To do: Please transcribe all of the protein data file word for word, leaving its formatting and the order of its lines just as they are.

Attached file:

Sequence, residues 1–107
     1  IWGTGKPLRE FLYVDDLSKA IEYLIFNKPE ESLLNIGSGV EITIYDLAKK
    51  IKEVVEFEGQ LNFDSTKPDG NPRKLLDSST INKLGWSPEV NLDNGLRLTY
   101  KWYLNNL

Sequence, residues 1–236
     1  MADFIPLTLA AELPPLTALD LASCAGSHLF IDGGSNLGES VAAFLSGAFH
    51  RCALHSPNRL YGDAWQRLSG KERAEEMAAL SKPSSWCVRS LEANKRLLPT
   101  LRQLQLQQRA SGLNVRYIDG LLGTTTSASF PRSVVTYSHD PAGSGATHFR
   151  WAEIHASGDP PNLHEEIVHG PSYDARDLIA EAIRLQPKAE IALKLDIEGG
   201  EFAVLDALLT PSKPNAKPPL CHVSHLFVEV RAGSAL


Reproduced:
Sequence, residues 1–107
     1  IWGTGKPLRE FLYVDDLSKA IEYLIFNKPE ESLLNIGSGV EITIYDLAKK
    51  IKEVVEFEGQ LNFDSTKPDG NPRKLLDSST INKLGWSPEV NLDNGLRLTY
   101  KWYLNNL

Sequence, residues 1–236
     1  MADFIPLTLA AELPPLTALD LASCAGSHLF IDGGSNLGES VAAFLSGAFH
    51  RCALHSPNRL YGDAWQRLSG KERAEEMAAL SKPSSWCVRS LEANKRLLPT
   101  LRQLQLQQRA SGLNVRYIDG LLGTTTSASF PRSVVTYSHD PAGSGATHFR
   151  WAEIHASGDP PNLHEEIVHG PSYDARDLIA EAIRLQPKAE IALKLDIEGG
   201  EFAVLDALLT PSKPNAKPPL CHVSHLFVEV RAGSAL